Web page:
L'rlM 'heercd anil sobbed with. Joy.
For fourteen hours Ihe seven bail been
held prlstineis :iao feel below the sur
face of the ground while the rescuing
mlneis lolled in f iflcen-iiiiuute shifts
to clear away Ihe mass of earth anil
timbers thai barred the way to light
anil air and life.
Two daughters of Mine Koreman
Hoy Alexander, Daisy and Hazel, aged
10 and 111 years, David Hanks, Arnold
Boblnson. Junes Kiley, John White
ami a Creik milter whose name Is not
known were on die :iua-fooi level of
the mine at 10 o'clock last night.
Some of the miners were at work and
the girls and two of the young men
were looking on. when there was a
tremor of the earth, iheti a blast of
wind that snuffed every caudle, fol
lowed by another roar and a quake
and finally a stillness thai made the
dai k more terrible.
Itilcy, a shift buss, relit his cantlie,
hurried Ihe parly hack into the drill
In, ninl the
.in d picked
danger of fiiither caves,
his way toward the shaft
slide hail taken place
compressed air pipes slill.
he tapped a signal to the
where the
I- ilnliiig the
in position.
men on top a ml a lit! le
to make his Voice heal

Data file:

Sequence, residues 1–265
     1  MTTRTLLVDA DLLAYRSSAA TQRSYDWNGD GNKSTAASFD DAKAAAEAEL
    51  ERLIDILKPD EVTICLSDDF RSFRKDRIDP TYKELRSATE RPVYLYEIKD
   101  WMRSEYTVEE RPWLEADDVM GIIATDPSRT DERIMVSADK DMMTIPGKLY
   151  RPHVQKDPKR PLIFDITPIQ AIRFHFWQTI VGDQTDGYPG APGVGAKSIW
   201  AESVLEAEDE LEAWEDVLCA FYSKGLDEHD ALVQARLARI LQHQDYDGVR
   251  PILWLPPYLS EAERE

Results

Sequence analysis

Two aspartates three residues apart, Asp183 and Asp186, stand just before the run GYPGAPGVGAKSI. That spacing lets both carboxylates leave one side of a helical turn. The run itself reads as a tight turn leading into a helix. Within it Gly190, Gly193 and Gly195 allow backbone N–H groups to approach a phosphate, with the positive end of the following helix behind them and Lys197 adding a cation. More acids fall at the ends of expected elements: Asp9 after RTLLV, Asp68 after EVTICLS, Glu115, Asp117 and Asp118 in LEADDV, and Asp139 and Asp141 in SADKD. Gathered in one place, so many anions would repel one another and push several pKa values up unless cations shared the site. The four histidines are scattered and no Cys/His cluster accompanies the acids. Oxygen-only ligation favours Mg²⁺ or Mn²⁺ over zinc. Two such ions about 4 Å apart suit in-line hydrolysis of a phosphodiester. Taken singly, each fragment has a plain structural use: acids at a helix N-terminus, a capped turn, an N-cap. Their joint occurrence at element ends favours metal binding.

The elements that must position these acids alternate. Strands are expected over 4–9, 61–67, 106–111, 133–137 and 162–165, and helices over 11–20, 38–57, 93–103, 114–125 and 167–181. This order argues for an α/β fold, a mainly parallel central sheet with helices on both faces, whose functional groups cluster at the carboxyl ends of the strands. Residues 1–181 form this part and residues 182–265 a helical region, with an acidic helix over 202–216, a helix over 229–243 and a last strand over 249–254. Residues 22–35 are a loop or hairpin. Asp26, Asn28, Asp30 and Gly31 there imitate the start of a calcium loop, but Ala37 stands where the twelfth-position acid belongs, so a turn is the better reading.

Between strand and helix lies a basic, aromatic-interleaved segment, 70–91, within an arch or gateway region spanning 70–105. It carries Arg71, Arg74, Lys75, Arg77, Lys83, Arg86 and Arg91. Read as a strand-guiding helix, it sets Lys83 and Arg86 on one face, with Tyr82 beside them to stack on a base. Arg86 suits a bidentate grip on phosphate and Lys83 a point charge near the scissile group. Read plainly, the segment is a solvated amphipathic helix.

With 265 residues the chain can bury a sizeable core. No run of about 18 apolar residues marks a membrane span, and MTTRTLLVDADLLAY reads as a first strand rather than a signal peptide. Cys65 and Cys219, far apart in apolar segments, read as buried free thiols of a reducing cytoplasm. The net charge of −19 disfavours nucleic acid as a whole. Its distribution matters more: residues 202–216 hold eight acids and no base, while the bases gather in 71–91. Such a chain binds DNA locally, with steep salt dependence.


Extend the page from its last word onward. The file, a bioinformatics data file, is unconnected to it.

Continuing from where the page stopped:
later was uhla 1
I through the I
pipe bile.
The message
lo the sill lace,
lo the anxious
gun to gather.
if cheer came faintly
but it brought leli.f
rowd which han bc
News of the disasler
spieiul throughout tin
miners hurried Irom
rcgioii and the
every direction
to otter aid. Ill a very few minutes
the work of rescue was under way
and it i 1 1 1 n 1 1 I without cessation
until the picks and shovels pierced
Ihe mass of earth sealing the mouth
of Ihe drift ami a safe exit made for
Ihe marooned party. Early In the
morning a sensation was caused by a
report that other miners were en
tombed In the lower levels of the
mine, but a roll call Hccountcd for
cveiy emplove save those on the 300
foot level.
Demand Surrender of Sultan's
Army Now at Tchatalja If
Advance 0:1 Constantinople
is to
Whip Hand in Balkan
War, Victoiious Forces Re
solved to Dictate Terms for
Cessation of Hostilities,
Hi 1 1; iti s stti; ti.iims
Loudon, Nov. III. Ilulgariu's
lerms of peace lo Turkey, as re
ported al Vienna and sent from
that city bv the correspondent of